“Mr Davis was educated at Mill Hill School, London. He became a cricketer of distinction and played for Leicestershire. In the great War he joined as a Private the 11th Royal Fusiliers and served in France, where he was killed in 1916”. [ULA HIS/FOU/2, Memorial Portraits Book]
As described in a previous post, the University Archives contain an ornate leather-bound volume known as the Memorial Portraits Book. The volume contains photographs and biographical notices of prominent donors towards the foundation of Leicester, Leicestershire and Rutland University College in 1921. There are also a number of portraits and accounts of those honoured with gifts given in memoriam. The above brief note is all that is recorded about Arthur Edward Davis, who was killed in action during the final days of the Battle of the Somme.
Born in Leicester on 4 August 1882, Davis was the son of Samuel Davis, manager of the Leicester Permanent Building Society, and grandson of John Henry Davis, its founder. As stated in the biographical notice, Davis was a keen cricketer and he features in in Nigel McCrery’s book, Final Wicket: Test and First Class Cricketers Killed in the Great War (Barnsley, 2015). In 1897 he went to study at Mill Hill School where he played cricket for the first XI. He went on to make 21 first-class appearances for Leicestershire between 1901 and 1908.
A search for him on Ancestry, to which the Library has a subscription, locates his census entries for 1891, 1901 and 1911. In 1891 he was living on Upper New Walk with his parents and two older siblings. A decade later, the family were still on New Walk, with the address recorded as The Friars. By now, Arthur had become a Building Society Clerk, the occupation recorded for him 10 years later. In 1911, he was living at 63 Knighton Drive, married to Hettie Louise Davis with a 2 year old son (George Edward). They were comfortably off, with one domestic servant at the time of the census. Kelly’s directory for 1916 shows that their close neighbours included a solicitor, schoolmaster, clergyman, and a bank inspector. They were, it seems, an affluent young family in one of Leicester’s comfortable middle class suburbs. As was the case for so many families, their lives were transformed in 1914 by the outbreak of World War I.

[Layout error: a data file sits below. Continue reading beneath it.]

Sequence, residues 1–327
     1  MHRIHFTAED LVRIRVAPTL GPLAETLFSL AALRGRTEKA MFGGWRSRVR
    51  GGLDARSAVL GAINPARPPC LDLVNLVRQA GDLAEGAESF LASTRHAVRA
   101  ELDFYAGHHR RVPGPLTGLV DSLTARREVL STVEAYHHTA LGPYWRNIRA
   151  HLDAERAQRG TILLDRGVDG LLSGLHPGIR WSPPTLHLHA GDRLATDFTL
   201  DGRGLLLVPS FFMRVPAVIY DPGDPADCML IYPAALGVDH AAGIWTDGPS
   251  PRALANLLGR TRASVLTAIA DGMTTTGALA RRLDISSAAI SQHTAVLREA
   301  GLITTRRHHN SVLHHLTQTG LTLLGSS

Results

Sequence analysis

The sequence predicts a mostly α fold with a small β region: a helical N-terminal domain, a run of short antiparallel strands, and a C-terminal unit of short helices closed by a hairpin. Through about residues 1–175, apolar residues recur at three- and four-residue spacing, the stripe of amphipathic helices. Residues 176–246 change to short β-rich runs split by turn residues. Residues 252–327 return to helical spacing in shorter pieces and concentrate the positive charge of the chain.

Davis died just a couple of weeks before the Battle of the Somme was finally ended by the onset of winter in 1916. None of the references to him record the circumstances of his death. The Battalion diary, which is also available on Ancestry, provides brief details of movements during early November. On 3 November the men relieved the 8th Norfolks in the trenches at Albert. The following day, on which Davis died, the entry simply reads “Weather very bad. Artillery very active on both sides”. (TNA, WO 95/1096–3948) His name is recorded on the Thiepval memorial to the missing of the Somme, designed by Sir Edwin Lutyens.
The reason Davis appears in our Memorial Portraits Book is a donation to the University College sent to W. G. Gibbs, College Secretary, by J. H. Davis, Arthur’s brother, on 4 November 1921. A brief covering note sent with a cheque for £105 survives in the University Archives, requesting that the donation be received “In memoriam Samuel Davis”. (ULA AD/M16/1). However, a second letter sent five days later, states that:
Further to our conversation on Monday evening. On second thoughts we should wish the £105 sent last week to be marked “In memoriam Arthur Edward Davis” instead of Samuel Davis. (ULA /AD/M16/1)
Ten years later, the college received a bequest from Mrs Fanny Henrietta Knox Teasdale, including a request that a memorial tablet be produced in memory of her two sons killed in the war. On receipt of this, it was decided to commission the Dryad Metal Works, founded by Harry Hardy Peach, to create two bronze plates: one in memory of the Teasdales and a second for the other men killed in the conflict for whom in memoriam gifts had been given. An initial list sent to Peach on 17 February 1931 contained eight names, with Arthur Davis omitted. On 20 February W. G. Gibbs wrote to J. H. Davis asking for particulars about his brother and informing him of the intention to produce a memorial tablet:
If you would inform me whether Mr. Arthur Edward Davis was killed in the War, his name will be inscribed on this panel (ULA/AD/M16/1)
Confirmation of this was received, and the designs for the panel were altered so that Davis’s name was rightly added. The dedication of the war memorials took place on 11 October 1931 at the College’s Annual Commemorative Service, led by The Right Rev Edward Arthur Burroughs, Lord Bishop of Ripon.
By an interesting twist of fate, the Davis family home on Upper New Walk, The Friars, is now a University of Leicester property housing Criminology. The family business, the Leicester Permanent Building Society, merged with the Leicester Temperance Building Society in 1974 to form the Leicester Building Society, a forerunner to the Alliance and Leicester bank. The company records are held by the Record Office for Leicestershire, Leicester and Rutland.
A century on from his tragic early death, we remember Arthur and the sacrifice he made. If anyone has any further information about him we would be delighted to hear from them.